Hellos and Goodbyes (Part 1 of 2)

Words have fascinating stories, and languages have personalities. Is one simply attracting someone’s attention by saying “Hello,” or is it also a promise of hospitality? And does “goodbye,” merely signal parting company, or something deeper? This post will explore the English words, “hello,” “world” and “goodbye,” and their Arabic equivalents. I hope to have a follow-up post soon in which I continue with some general reflections and comments about what role language might play in society.

English Hello, World, Goodbye

“Hello” is a generic greeting which we use innumerable times in our daily lives, especially on the telephone (which was instrumental in popularizing the word). You might think it does not carry much specific meaning beyond a generic initiation of dialogue, and indeed etymologists tell us that the English word “hello” comes from medieval European words meaning “to shout in the chase,” or “to hail (e.g. a ferryman).” (But more on that soon!) The word “world,” also seemingly innocuous, actually comes from Germanic roots with a literal meaning of, “the age of man”. And the quotidian word “goodbye” is originally a 16th century contraction of the phrase “God be with you,” although few people nowadays, even among the religious, intend or are even conscious of this meaning.

Arabic Hellos

Google translate renders, “Hello, world,” as مرحبا بالعالم . But common alternatives one encounters are ahlan wa-sahlan أهلأ وسهلا (or its contraction ahlan أهلا) for “hello,” and dunya دنيا for “world.” Note that none of the Arabic “hello” words has the meaning of shouting or hailing that underly the English “hello.” One might hazard a guess that there is an onomatopeic dimension to the English word, in which case, interestingly enough we do find an Arabic parallel. Ibn Faris defines the fundamental meaning of the Arabic root “H-L-L” to be “raising the voice.” Ibn Manzur and others mention the following exclamations that might onamatopeically be sisters of “hello”:

  • halan هلاً : used to rebuke a horse or camel)
  • hālin هالٍ: to command the horse to approach
  • halā هلا : a command, “hurry!”
  • hallā هلّا : an exhortation or urging

Nevertheless, the Arabs did not commonly use these expressions to greet one another upon meeting. Instead, they used the expressions we mentioned above, which have the following literal meanings:

  • ahlan wa-sahlan أهلاً وسهلاً : a family and a soft plain (the implication being, “You have found family (i.e. don’t think of us as strangers) and a soft plain (not a hard, rugged, inhospitable piece of land)”
  • marḥaban : space, or abundance (the implication being, “You have found space and abundance,” (i.e. don’t be worried, you are welcome and will be taken of).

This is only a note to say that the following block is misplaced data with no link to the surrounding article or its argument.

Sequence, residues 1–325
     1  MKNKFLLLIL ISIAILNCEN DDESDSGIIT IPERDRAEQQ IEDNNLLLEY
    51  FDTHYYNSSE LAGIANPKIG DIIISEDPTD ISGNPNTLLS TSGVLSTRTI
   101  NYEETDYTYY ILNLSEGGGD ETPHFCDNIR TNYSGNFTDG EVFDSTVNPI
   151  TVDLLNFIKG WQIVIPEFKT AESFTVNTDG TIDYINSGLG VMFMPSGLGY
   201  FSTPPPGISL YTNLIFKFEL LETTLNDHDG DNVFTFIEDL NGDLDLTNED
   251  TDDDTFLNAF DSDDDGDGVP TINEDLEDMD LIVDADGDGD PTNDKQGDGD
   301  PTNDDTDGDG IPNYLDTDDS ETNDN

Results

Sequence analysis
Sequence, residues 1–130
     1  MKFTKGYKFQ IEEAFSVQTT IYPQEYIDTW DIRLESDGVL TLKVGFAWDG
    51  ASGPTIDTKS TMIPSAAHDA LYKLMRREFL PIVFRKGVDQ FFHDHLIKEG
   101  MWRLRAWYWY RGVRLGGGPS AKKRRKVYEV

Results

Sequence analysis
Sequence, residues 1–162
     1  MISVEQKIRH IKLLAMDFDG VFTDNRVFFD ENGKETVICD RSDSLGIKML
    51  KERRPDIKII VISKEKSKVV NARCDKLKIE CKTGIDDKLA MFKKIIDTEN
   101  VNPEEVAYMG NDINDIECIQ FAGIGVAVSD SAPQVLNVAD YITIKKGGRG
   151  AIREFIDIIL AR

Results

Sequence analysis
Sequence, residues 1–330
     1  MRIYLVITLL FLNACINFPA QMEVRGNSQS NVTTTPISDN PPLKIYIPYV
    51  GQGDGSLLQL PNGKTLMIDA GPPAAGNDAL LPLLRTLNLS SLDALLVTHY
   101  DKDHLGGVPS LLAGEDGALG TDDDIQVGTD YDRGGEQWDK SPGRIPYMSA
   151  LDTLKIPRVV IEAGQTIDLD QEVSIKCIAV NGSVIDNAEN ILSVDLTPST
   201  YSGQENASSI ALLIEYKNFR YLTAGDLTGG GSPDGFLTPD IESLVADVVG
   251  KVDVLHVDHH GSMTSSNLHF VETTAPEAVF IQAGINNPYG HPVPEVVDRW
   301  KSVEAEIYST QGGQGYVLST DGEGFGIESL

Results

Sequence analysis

We can also mention the Islamic Arabic greeting

  • al-salām ʻalaykum : “peace [be] upon you”

Arabic “Worlds”

  • ʻālam عالَم comes from same root as ʻilm (meaning knowledge), with the fundamental meaning of the root having to do with making something distinct, and hence a world is something with a distinct identity [Ibn Faris]. This is remarkably close to one meaning of the modern English “world,” namely, “A particular group of living things,” or similarly, “All that relates to a particular sphere of activity.
  • dunyā دنيا on the other hand, comes from the root d-n-w, connoting closeness, and hence dunyā is the immediate world (as opposed to the world after death). Other close roots include d-n-a and d-w-n, which connote lowness. There is a parallel to Irish and Old Slavonic words for “world” that derive from the root for “bottom, foundation”; not very remarkable.

Arabic “Goodbyes”

  • wadāʻ وداع , Google Translate’s default version of “goodbye,” simply means, “parting,” and would be used more as the noun (as in “say a quick goodbye,”) than a greeting.
  • Maʻas-salama مع السلامة , an alternative, literally means, “with safety,” i.e. “Go with safety.” This is clearly closer to the original sense of the English “goodbye,” even though the Arabic is not explicitly religious.

Two other, less common, expressions are closer, in this respect, to the original “goodbye:”

  • Allāh maʻak الله معك is literally, “God [be] with you,” (and hence the literal equivalent of “goodbye,”) and is used by some people.
  • Fī amān Allāh في أمان الله : “In the safety of God.”

Well, that’s it for this post. But since I hope to see you again soon for the conclusion of this, I will not say goodbye, but rather:

Au revoir! Auf wiedersehen!

– Suheil Laher

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One thought on “Hellos and Goodbyes (Part 1 of 2)

  1. Pingback: Ubuntu (Hellos and Goodbyes, Part 2) | Suheil Laher : Language and Literature Blog

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